The dispute originates from a loan facility extended to AFEX Commodity Exchange under the Central Bank of Nigeria’s (CBN) Anchor Borrowers Programme.

The loan was intended to finance smallholder farmers, with repayment expected through the sale of agricultural produce. However, AFEX reportedly defaulted on the loan, prompting GTBank to seek legal recourse.

AFEX has countered by stating that it has repaid 90% of the loan and is in ongoing discussions with the CBN regarding the remaining balance. The commodities exchange has cited economic challenges and macroeconomic policies, such as the naira redesign, which adversely affected the farmers’ ability to repay the loans.

The court has also permitted GTBank to take control of AFEX’s 16 warehouses across seven states, allowing the bank to sell the stored commodities to recover the outstanding loan.

Industry Reaction

The case has sparked concerns about the efficiency and integrity of Nigeria’s banking and financial sectors.

Charles Akinbobola, a senior energy analyst at Sofidam Capital, said, “The challenge of the power sector has not entirely been the scarcity of funds. Several trillions of naira have been pumped into that industry. The sector has been plagued by the shortcomings of its managers.”

Experts like Muda Yusuf, CEO of the Centre for the Promotion of Private Enterprise, emphasize the need for addressing fundamental issues in the electricity value chain, such as technical and commercial losses, which continue to burden consumers with inefficiency costs.

As the legal proceedings unfold, the financial community will be watching closely to see how this high-stakes battle impacts the involved parties and the broader financial sector in Nigeria.

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Banking Sector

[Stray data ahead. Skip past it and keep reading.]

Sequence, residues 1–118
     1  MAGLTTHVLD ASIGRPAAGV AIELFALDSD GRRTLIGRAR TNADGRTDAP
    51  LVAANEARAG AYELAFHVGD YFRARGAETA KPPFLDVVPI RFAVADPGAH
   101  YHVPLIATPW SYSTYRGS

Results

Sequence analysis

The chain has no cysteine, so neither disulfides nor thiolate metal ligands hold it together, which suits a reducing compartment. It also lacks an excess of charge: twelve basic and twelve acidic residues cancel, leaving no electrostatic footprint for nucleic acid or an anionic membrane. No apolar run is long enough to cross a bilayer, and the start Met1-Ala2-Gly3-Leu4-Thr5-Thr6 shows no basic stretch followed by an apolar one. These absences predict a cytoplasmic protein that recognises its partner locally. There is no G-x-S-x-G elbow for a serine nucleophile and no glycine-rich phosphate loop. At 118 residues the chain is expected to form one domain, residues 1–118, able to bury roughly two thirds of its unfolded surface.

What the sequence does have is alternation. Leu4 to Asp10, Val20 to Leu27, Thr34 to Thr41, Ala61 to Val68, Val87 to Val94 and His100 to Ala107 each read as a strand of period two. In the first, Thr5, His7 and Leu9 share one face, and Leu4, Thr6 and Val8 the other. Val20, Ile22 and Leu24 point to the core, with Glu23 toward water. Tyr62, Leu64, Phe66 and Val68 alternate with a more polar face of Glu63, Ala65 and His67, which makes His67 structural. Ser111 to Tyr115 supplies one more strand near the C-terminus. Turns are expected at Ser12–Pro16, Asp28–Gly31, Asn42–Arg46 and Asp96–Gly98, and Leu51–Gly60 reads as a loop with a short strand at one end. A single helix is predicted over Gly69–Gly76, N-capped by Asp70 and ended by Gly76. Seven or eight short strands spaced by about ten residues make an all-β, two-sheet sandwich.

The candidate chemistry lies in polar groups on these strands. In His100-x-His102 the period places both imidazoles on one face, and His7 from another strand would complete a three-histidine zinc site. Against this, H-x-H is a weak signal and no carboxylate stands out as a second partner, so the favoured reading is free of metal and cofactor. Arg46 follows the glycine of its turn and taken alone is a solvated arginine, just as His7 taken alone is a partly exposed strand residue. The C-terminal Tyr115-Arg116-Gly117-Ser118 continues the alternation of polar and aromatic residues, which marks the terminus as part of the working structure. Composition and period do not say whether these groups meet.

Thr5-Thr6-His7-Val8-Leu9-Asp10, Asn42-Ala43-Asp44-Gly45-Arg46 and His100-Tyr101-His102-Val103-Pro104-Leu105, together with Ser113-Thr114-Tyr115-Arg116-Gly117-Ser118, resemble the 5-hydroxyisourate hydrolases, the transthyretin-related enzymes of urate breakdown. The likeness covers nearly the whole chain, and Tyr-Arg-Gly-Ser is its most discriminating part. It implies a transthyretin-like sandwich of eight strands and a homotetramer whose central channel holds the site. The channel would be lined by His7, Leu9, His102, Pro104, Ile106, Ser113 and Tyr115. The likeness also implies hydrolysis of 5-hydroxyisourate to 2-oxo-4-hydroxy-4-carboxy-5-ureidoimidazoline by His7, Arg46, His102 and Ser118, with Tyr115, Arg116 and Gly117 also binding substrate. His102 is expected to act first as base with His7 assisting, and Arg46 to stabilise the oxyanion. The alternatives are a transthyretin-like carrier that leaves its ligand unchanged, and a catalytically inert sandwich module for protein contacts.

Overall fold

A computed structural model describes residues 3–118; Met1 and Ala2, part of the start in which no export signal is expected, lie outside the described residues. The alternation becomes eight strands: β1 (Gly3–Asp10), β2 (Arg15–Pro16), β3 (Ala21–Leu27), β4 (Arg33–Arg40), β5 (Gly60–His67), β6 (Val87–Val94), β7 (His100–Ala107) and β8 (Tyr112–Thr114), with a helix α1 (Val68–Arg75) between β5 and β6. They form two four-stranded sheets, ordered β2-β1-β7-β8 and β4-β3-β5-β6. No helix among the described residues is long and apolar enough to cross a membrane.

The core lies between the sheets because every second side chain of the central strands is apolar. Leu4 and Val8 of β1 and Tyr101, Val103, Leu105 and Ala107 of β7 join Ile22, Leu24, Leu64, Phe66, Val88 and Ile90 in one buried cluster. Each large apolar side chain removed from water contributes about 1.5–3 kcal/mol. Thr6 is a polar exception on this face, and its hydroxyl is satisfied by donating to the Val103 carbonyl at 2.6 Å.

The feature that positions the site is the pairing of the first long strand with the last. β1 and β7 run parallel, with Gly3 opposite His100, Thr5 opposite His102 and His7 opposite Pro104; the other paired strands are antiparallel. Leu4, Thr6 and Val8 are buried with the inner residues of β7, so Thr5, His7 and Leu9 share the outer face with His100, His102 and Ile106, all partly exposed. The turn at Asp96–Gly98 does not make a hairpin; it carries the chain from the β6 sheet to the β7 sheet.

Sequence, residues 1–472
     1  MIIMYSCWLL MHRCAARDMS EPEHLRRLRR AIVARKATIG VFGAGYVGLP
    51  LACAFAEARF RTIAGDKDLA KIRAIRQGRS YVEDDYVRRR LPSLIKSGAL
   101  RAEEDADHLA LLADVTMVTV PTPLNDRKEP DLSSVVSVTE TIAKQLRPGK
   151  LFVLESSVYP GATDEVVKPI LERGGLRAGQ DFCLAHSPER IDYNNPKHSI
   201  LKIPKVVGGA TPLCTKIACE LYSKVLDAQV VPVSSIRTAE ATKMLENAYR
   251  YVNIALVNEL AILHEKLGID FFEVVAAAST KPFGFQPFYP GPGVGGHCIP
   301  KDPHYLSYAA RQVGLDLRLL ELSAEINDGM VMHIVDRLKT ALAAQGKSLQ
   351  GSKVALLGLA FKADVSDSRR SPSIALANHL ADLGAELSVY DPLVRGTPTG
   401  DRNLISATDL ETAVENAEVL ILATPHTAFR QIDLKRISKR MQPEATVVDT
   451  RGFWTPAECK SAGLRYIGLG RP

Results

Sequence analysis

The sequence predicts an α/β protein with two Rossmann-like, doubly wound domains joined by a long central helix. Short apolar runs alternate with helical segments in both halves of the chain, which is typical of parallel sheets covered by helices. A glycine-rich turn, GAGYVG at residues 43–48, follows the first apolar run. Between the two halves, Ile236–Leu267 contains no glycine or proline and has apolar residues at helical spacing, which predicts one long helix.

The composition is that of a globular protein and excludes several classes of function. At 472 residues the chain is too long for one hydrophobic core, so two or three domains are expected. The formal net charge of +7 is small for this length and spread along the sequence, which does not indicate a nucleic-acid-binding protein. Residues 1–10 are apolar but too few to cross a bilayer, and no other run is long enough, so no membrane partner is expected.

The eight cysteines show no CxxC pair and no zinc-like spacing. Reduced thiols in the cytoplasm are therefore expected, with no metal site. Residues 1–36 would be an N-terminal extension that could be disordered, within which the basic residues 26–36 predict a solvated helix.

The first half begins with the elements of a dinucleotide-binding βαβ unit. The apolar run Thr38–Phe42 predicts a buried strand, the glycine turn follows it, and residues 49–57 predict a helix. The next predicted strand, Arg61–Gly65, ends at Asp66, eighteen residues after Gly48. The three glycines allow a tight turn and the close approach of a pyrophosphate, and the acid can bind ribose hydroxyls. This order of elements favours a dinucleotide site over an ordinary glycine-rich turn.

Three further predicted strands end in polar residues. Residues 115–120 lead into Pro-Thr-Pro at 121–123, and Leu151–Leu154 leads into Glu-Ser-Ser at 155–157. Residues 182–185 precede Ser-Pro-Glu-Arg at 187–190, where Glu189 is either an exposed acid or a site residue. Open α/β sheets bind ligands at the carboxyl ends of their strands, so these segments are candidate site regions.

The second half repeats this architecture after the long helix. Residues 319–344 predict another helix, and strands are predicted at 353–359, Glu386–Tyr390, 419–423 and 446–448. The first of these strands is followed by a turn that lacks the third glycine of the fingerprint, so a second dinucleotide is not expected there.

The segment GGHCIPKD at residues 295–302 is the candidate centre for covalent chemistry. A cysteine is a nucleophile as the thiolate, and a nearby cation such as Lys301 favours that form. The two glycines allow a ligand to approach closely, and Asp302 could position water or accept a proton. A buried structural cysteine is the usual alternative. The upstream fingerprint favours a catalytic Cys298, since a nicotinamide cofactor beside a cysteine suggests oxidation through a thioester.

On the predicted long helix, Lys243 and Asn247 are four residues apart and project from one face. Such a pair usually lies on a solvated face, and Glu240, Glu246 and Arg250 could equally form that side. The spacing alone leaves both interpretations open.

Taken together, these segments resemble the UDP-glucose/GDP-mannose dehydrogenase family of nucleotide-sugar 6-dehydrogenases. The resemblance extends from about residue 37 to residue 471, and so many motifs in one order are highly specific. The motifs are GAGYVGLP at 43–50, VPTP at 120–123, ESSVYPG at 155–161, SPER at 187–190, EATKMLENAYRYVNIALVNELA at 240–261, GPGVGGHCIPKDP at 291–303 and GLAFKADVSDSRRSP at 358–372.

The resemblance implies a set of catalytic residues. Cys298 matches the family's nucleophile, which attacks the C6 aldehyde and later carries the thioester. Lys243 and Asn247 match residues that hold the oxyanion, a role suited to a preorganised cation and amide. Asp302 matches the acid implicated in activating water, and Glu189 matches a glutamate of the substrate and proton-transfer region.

Guaranty Trust Holding Plans N500 Billion Share Offering

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Guaranty Trust Holding Company Plc (GTCOPLC) has announced plans to raise up to N500 billion through a new share offering, according to a preliminary prospectus filed with the Securities and Exchange Commission (SEC).

This move aims to support the company’s ambitious growth and expansion strategy.

GTCOPLC’s proposed offering will involve the subscription of ordinary shares of 50 kobo each, although the exact number of shares and the price range are yet to be determined.

The offering includes a concurrent filing of a preliminary universal shelf registration statement, allowing the company to issue various types of securities, potentially raising up to $750 million in multiple currencies.

Purpose of the Offering

The funds raised from this offering will primarily be allocated towards:

  1. Business Growth and Expansion: GTCOPLC plans to invest significantly in technology infrastructure to enhance its current operations. Additionally, the company intends to establish new subsidiaries and make selective acquisitions of non-banking businesses.
  2. Recapitalization of Guaranty Trust Bank Limited: Part of the proceeds will be used to strengthen the capital base of its banking subsidiary.

Target Investors and Structure

The offering is structured to attract both institutional and retail investors. It will be divided into two main tranches:

  • Nigerian Tranche: An institutional and retail offering aimed at eligible investors within Nigeria.
  • International Tranche: A private placement targeting qualified institutional buyers outside Nigeria.